CC Sabathia Acts As The Pace Car – Now It’s Up To The Team To Follow

CC Sabathia, returning from the IL, mustered up five innings of no-run ball, awakening his teammates to respond from their woe is me attitude…

CC Sabathia comes out of the woodwork to pitch (the operative word) five innings of one-hit no-run ball, leading to a Yankees victory, using Small Ball, to gain a victory over what should be the hapless Chicago White Sox on Saturday afternoon at Yankee Stadium.

Fifteen outs, two times through the batting order, with four days “rest” in between starts, what is so hard about that for an athlete making upwards of $20 million per season? It depends on who you ask.

CC Sabathia has been in this game for almost two decades, leading all active pitchers in complete games with 38, and over the years he has transformed himself at least once from the hard-throwing strike-’em-out thrower to what we now call a “crafty” left-handed artist.

Sabathia doesn’t give in, and if a pitch isn’t working one day, he goes to the next, and if necessary to another until he finds the recipe enabling him to record a minimum of fifteen outs in any of his starts.

The Yankees sealed a victory on Saturday afternoon against the White Sox to back up CC Sabathia’s effort. A sac fly by Luke Voit and a squeeze bunt by Tyler Wade sealed the win. But it was the initial effort by Sabathia, back up by Domingo German for two innings, Zack Britton and Aroldis Chapman for one clean inning each that secured the victory.

CC Sabathia – Difference Maker And Team Leader

Sabathia’s performance on Saturday seemed to change the entire tenor or the team. More relaxed, players delivered in the way they are supposed to when called upon. Much maligned Zack Britton tosses a scoreless eighth, Chapman eclipses 100 MPH just like the old days, and JA Happ, who’s having a very forgetful season to date, gets into the spirit turning into a reporter during CC’s post-game press conference (video).

It’s only one game for the Yankees and one start for CC Sabathia, but it’s the backdrop for what could be the “turnaround” Aaron Boone has relentlessly been trying to sell.

CC Sabathia has what the rest of the staff (excepting Tanaka) is lacking – it’s best described perhaps as a fierce determination to out-think his opponent. Whatever is working on a given day becomes Sabathia’s go-to pitch. Everything else is show-me pitches to the batter. It’s called pitching.

The Power To Alter The Tone Of A Team

Nineteen years and CC Sabathia still gets no respect. He’s too old, he’s too fat, he doesn’t throw hard enough, he’s a five-inning pitcher – you name it – Sabathia isn’t what a major league pitcher should be or look like.

But inside the Yankees clubhouse, his teammates tell a different story, and one that hopefully will stick six years from now when Sabathia’s name appears for the first time on the Hall Of Fame ballot.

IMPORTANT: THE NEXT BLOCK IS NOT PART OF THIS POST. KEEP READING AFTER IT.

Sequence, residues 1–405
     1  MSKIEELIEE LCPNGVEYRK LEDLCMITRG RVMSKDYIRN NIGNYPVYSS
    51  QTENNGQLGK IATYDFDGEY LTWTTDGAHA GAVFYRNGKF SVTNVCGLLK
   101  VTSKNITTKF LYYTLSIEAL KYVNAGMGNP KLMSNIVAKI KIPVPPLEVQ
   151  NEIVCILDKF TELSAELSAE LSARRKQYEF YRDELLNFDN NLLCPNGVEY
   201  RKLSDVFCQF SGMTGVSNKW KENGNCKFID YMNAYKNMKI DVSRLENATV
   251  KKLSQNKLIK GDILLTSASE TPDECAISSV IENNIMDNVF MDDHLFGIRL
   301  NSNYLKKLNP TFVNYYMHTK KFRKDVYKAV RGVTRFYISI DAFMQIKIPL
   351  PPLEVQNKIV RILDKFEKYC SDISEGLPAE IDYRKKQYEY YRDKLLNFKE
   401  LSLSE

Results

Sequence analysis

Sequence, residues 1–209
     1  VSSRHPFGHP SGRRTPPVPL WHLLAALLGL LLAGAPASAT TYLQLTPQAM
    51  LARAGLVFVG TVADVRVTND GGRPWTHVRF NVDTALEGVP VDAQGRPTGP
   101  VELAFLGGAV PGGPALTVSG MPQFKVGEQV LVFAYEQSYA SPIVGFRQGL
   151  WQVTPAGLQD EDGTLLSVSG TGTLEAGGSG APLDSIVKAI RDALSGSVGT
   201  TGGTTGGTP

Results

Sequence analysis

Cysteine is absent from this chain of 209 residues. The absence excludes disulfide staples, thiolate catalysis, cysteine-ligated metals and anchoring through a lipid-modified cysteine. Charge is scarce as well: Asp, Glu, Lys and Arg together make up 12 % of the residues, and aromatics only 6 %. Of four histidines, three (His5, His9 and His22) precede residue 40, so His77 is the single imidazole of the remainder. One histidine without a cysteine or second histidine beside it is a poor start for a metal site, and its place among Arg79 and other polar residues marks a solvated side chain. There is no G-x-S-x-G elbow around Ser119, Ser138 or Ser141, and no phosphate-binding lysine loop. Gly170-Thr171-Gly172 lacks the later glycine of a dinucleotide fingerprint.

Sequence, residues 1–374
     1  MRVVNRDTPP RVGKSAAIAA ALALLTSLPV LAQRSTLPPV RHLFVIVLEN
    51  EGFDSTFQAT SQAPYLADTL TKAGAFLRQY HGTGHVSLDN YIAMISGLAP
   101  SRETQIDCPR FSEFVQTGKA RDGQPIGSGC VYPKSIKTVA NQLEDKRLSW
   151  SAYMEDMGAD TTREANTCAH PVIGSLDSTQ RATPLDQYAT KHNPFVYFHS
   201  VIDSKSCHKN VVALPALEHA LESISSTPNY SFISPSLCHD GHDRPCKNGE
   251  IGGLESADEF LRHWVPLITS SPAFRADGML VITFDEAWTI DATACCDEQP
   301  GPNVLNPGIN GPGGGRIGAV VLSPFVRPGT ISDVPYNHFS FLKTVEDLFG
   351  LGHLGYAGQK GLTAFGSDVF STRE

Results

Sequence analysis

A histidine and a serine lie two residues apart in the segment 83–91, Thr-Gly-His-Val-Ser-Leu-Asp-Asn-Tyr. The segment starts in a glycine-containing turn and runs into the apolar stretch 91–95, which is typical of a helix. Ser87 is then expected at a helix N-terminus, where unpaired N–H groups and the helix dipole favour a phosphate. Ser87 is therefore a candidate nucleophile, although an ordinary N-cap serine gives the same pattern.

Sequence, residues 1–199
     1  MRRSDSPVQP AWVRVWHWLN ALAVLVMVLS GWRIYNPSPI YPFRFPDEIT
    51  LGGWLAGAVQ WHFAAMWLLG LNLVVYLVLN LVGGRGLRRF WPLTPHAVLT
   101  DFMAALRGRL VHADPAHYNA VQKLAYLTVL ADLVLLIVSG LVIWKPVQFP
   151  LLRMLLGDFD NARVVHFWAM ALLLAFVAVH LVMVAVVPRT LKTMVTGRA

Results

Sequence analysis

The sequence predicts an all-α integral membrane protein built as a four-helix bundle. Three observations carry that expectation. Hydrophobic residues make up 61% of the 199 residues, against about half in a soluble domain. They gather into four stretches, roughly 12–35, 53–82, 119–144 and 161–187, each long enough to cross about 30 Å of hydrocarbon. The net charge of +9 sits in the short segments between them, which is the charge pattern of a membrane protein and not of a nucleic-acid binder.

Aaron Judge explains:

“For CC to do what he did and how he has impacted communities around the U.S. and how he has impacted New York and impacted so many people, I think he has always had that chip on his shoulder that, ‘Hey, people are still doubting me, I am going to go out there and prove them wrong.’ Especially now. “Now that he is in his last year, people are still doubting him. Kind of like ‘Oh, this guy, he probably doesn’t have anything left.’ And he’s like, ‘You know what, I’m going to show you what I have left.’ “That’s what I see from afar.’’Kevin Kernan, New York Post

Sabathia adds leverage to his leadership by keeping himself toned down and on the fringes of the team. He leads, not as a rah-rah, let’s win this one for the Gipper, cheerleader. Instead, he leads by example, and more significantly, by his performance on the field when the chips are down.

CC Sabathia: A Family Portrait Photo Credit: Parent.com

To wit, CC Sabathia has become the Yankees stopper, going 14-1 with a 2.81 ERA since the start of 2017 after a Yankees loss. This has proved especially true when the team reaches the playoffs  – and they reach for Sabathia.

Over the winter, one of my columns written during Sabathia’s bout with a heart ailment suggested he should retire, taking his ball home to be with his family while the getting’s good. How wrong, I was.

My mistake was that the career of CC Sabathia goes far beyond the 250 wins and 3,000 strikeouts he’ll have before the season closes. Sabathia reminded me and others, though, putting a stamp on the fact that it’s all about character, desire, and winning…

Footnote: Not today, though as the Yankees bats were stymied by White Sox pitching as the Bombers use six pitchers in a 5-2 loss, losing yet another series at home. James Paxton and JA Happ – you’re up!

Written by Steve Contursi, Editor, Reflections On Baseball
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Author: stevecontursi

I am an amateur writer with a passion for baseball and all things Yankees and Mets.

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